Wong is the Scripps Family Chair Professor in the Department of Chemistry at The Scripps Research Institute. He will receive $500,000 to advance his research. Houston-based Welch Foundation has contributed more than $1.1 billion to the advancement of chemistry since 1954.

The Welch Foundation has announced millions in Texas research funding. Photo via Getty Images

Houston-based research grant program doles out $23M to Texas scientists

funds for the future

One of the nation's largest private funders for health care research has announced $23 million in fresh funds — and about a third of that is going into the hands of Houstonians.

The Welch Foundation, based in Houston, announced its 2021 research grant funding last week. Over the next three years, the funds will be be distributed in $7,520,000 payouts annually across the state of Texas. Since its founding in 1954, the foundation has doled out almost $1.1 billion to the advancement of chemistry.

"Ongoing basic chemical research is critical and provides the building blocks to help solve current and future problems," says Adam Kuspa, president of The Welch Foundation, in a news release. "Funding from The Welch Foundation is a valuable resource to Texas institutions. It helps set our state's researchers apart from others and we look forward to seeing what invaluable scientific contributions come from this year's grant recipients."

The universities in the Houston area that received a cut of this chunk of funding include Rice University, Texas A&M University, University of Houston, and Baylor College of Medicine for a total of $8,400,000 across 35 grants.

One of the Houston-area researchers who received funding is Leila Romero, assistant professor and CPRIT Scholar in Cancer Research at Baylor University's Department of Chemistry and Biochemistry. Romero and her team is exploring modes of asymmetric catalysis and to study how these new processes work. According to the release, the funding will also support the training of young graduate students at the institution who are on track to become future innovators in chemical synthesis.

Other Texas institutions in other major cities also received funding:

  • The Dallas/Fort Worth area received funding for 42 grants, totaling $10,080,000. The University of Texas Southwestern Medical Center, The University of Texas at Dallas, University of North Texas, Baylor University, Southern Methodist University, and Texas Christian University were the recipient institutions.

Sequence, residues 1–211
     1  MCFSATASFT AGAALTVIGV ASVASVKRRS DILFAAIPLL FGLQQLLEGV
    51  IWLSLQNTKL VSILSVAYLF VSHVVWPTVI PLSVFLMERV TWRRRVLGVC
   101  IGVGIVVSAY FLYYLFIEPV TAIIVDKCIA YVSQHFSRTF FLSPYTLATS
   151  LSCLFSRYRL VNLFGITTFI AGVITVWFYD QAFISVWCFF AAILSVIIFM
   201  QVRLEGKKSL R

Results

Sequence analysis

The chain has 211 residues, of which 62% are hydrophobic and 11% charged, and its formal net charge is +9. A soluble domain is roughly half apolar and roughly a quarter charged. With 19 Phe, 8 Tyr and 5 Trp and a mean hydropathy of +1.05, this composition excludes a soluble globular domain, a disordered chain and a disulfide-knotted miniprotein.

• In Austin, the University of Texas Received funding for 11 grants, totaling $2,640,000.
  • The University of Texas at San Antonio and Trinity University received the three grants — totaling $720,000 — that went to the San Antonio area.
  • In West Texas, The University of Texas at El Paso received funding for 1 grant, totaling $240,000.
  • Texas Tech University received funding for two grants, totaling $480,000

Last year, the Welch Foundation announced a $100 million gift to Rice University to establish The Welch Institute. The institute will foster the study of matter, the design and discovery of new materials, and nanotechnology, and it will be led by an independent board of directors and scientific advisory board.

Kuspa, who's led the foundation since September 2019, joined the Houston Innovators Podcast last December to discuss the new institute and the importance of supporting researchers in Texas.


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How this Houston innovator's tech is gearing up to impact EV charging, energy transition

houston innovators podcast episode 172

With more and more electric vehicles on the road, existing electrical grid infrastructure needs to be able to keep up. Houston-based Revterra has the technology to help.

"One of the challenges with electric vehicle adoption is we're going to need a lot of charging stations to quickly charge electric cars," Ben Jawdat, CEO and founder of Revterra, says on the Houston Innovators Podcast. "People are familiar with filling their gas tank in a few minutes, so an experience similar to that is what people are looking for."

To charge an EV in ten minutes is about 350 kilowatts of power, and, as Jawdat explains, if several of these charges are happening at the same time, it puts a tremendous strain on the electric grid. Building the infrastructure needed to support this type of charging would be a huge project, but Jawdat says he thought of a more turnkey solution.

Revterra created a kinetic energy storage system that enables rapid EV charging. The technology pulls from the grid, but at a slower, more manageable pace. Revterra's battery acts as an intermediary to store that energy until the consumer is ready to charge.

"It's an energy accumulator and a high-power energy discharger," Jawdat says, explaining that compared to an electrical chemical battery, which could be used to store energy for EVs, kinetic energy can be used more frequently and for faster charging.

Jawdat, who is a trained physicist with a PhD from the University of Houston and worked as a researcher at Rice University, says some of his challenges were receiving early funding and identifying customers willing to deploy his technology.

Last year, Revterra raised $6 million in a series A funding round. Norway’s Equinor Ventures led the round, with participation from Houston-based SCF Ventures. Previously, Revterra raised nearly $500,000 through a combination of angel investments and a National Science Foundation grant.